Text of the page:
The rule for tax on forex trades in the United States can be a complex affair as these transactions are subject to various tax rules codified under the Internal Revenue Code (IRC) and interpreted through Revenue Rulings by the Internal Revenue Service (IRS).
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Treatment of Certain Foreign Currency Transactions
If you trade in foreign currency, gains or losses on such trades are generally treated as ordinary income or loss and are reported on Form 1040 Schedule 1. This is as per IRC Section 988,
However, some traders may qualify to opt out of this ordinary income or loss treatment by making a capital gains election. With this election, the Section 988 ordinary gain or loss treatment is overridden, and the capital gains rules of IRC Section 1256 will apply instead.
To apply Section 1256 for forex trading, a trader must qualify as a “trader in securities,” and the trade must be made in a regulated futures contract market, among other requirements. Hence, not all forex trades can qualify for this treatment.
What is the 60/40 Rule of Tax on Forex Trade?
IRC Section 1256 provides beneficial tax treatment for certain financial transactions, including regulated futures contracts and foreign currency contracts. Here, 60% of gains or losses are treated as long-term gains or losses, and 40% as short-term.
The maximum tax rate on long-term capital gains is 20% (or 0% or 15%, depending on your income), whereas short-term capital gains are taxed at your ordinary income tax rate.
Special Rule for Spot Transactions Tax on Forex Trades
A key Revenue Ruling relevant to forex traders is Revenue Ruling 2008-5, which guides the tax treatment of “spot forex trades“. According to this ruling, if a forex spot transaction settles within two days, it can qualify as a Section 988 transaction.
A spot transaction in forex trading is a contract to buy or sell a certain amount of a foreign currency at the current market price, with the transaction settlement (i.e., the physical exchange of the currencies) taking place within a short period, typically two business days after the trade is executed. For example, if a U.S. company needed to purchase goods from a European supplier, they might enter a spot transaction to buy euros with U.S. dollars. If the current EUR/USD exchange rate is 1.20, and the company needed to pay €10,000 for the goods, they would use a spot transaction to buy €10,000 for $12,000 (10,000 * 1.20). The company would have the euros they need to pay their supplier two business days later.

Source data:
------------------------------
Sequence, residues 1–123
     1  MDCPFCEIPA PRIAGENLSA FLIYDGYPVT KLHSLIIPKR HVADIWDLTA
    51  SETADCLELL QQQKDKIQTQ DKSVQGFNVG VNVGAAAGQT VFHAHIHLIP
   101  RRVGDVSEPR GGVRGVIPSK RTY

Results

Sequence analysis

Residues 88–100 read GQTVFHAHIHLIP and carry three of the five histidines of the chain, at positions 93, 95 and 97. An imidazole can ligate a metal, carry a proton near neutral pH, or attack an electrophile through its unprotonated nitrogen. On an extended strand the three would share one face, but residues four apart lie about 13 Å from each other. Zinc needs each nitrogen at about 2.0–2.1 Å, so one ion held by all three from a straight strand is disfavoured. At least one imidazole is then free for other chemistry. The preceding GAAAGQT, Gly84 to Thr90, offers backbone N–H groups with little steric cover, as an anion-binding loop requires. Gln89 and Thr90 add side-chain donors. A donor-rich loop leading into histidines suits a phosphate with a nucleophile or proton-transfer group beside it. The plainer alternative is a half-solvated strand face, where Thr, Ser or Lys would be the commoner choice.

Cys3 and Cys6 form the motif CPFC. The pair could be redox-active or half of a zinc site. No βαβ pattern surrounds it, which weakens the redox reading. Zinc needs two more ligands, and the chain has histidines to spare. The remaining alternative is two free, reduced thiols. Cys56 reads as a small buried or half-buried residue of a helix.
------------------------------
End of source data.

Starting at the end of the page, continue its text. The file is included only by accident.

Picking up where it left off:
How is Mark-to-Market Taxation Accounting Done?
Moreover, IRC Section 475 applies to traders who elect for mark-to-market (MTM) accounting. A forex trader with trader tax status (TTS), can make a Section 475 MTM election, which allows them to count all their trading gains and losses as ordinary gains and losses, not subject to the wash-sale loss adjustments. However, to qualify for TTS, a trader must satisfy certain conditions. These conditions usually involve the trading activity’s frequency, volume, and continuity, among other factors.
What is Mark-to-Market accounting?
Mark-to-market (MTM) is an accounting method that values an asset, portfolio or account at its current market price instead of an assumed book value. An asset’s mark-to-market value reveals how much a company gets if it sells it then. It gives an almost correct view of gain or loss at a particular time.
Overall, the tax on FOREX trades in the U.S. involves various IRC provisions and IRS Revenue Rulings. It is essential for traders to understand the tax implications of their trading activities and to seek the advice of tax professionals when necessary.
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